Percentage of women who self-reported spousal violence in their current relationships within the past 12 months, by family type, Canada, 1999, 2004 and 2009

Excludes data from the Northwest Territories, Yukon and Nunavut.
*A blended family contains children of both spouses (married or common-law) from one or more previous unions or one or more children from the current union and one or more children from previous unions. Includes legally married, common-law, and same-sex spouses.

Source: CICH graphic created using data adapted from Statistics Canada, General Social Survey, 1999, 2004 and 2009. -accessed July 24, 2017.

In 2009, 1.3% of women in ‘intact’ couple families with children – that is a couple with biological children –  reported that they had been victims of spousal violence in that relationship in the last 12 months.

That was the case in 3.1% of blended families* and in 1.1% in couples without children.


Family violence is a serious public health issue. It can cause a range of short-term or long-term health problems, and can even result in death. The impacts of family violence can be physical, mental, cognitive and behavioural. If a child lives with abuse or is exposed to violence in the home, the effects on health can last a lifetime. Infants and young children suffer many effects of family violence – injury, problems with parent-child bonding, and mental health problems including anxiety, behavioural problems, problems at school and problems with friends.1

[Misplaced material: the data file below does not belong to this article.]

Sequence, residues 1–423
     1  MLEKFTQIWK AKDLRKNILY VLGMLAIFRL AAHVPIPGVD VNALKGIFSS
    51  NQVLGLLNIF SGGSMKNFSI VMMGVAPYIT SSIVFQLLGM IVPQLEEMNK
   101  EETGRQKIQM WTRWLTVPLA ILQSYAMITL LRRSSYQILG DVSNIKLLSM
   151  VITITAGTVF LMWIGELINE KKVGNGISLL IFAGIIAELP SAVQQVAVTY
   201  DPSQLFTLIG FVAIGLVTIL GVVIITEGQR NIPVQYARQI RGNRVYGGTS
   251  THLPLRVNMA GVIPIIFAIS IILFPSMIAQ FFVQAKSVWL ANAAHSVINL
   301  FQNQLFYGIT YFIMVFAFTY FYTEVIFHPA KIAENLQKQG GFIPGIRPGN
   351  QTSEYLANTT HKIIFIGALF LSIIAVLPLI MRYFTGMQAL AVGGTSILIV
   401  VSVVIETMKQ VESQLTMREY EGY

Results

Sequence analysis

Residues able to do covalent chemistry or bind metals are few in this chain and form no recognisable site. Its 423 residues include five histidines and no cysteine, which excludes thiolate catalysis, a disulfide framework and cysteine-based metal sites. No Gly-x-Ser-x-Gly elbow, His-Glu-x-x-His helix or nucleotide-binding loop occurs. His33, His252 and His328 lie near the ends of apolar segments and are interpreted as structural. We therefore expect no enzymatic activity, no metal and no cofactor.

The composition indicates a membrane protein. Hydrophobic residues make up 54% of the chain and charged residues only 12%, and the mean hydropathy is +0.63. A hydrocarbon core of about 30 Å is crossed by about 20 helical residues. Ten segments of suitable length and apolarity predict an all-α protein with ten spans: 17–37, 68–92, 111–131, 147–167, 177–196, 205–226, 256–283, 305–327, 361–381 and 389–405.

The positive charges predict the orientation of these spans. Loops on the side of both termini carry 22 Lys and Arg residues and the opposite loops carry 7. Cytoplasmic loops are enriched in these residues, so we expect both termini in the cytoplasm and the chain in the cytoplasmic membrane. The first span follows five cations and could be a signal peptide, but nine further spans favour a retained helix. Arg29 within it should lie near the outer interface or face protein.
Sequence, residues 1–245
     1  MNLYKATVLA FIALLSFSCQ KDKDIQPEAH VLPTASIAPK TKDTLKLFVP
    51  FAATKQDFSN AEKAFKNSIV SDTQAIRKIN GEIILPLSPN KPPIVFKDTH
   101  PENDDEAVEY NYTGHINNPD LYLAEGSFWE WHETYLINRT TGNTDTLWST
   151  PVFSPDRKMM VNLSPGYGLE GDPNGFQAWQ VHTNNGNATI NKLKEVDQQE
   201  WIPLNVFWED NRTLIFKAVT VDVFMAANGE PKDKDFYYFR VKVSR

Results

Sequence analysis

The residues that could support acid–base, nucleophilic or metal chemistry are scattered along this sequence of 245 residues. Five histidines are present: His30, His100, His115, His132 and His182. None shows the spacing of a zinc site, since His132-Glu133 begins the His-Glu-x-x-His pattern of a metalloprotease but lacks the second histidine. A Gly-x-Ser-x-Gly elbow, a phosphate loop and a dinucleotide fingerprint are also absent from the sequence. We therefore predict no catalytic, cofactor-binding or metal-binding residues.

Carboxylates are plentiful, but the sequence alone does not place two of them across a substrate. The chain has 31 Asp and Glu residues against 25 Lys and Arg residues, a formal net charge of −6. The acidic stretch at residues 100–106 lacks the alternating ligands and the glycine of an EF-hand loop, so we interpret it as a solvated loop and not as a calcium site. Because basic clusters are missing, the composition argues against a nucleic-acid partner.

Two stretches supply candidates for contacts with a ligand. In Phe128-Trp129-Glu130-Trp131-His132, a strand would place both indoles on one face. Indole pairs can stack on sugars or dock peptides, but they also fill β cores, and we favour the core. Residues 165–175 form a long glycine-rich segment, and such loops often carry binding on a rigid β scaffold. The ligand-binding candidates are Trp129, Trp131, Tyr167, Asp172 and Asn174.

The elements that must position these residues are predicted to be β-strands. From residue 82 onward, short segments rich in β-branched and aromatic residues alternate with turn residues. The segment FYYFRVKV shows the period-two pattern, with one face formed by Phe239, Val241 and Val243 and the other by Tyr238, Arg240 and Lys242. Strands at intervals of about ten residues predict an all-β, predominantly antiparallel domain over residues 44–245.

1Public Health Agency of Canada. The Effects of Domestic Violence on Children – Where Does it Hurt? 2007. -accessed July 24, 2017.

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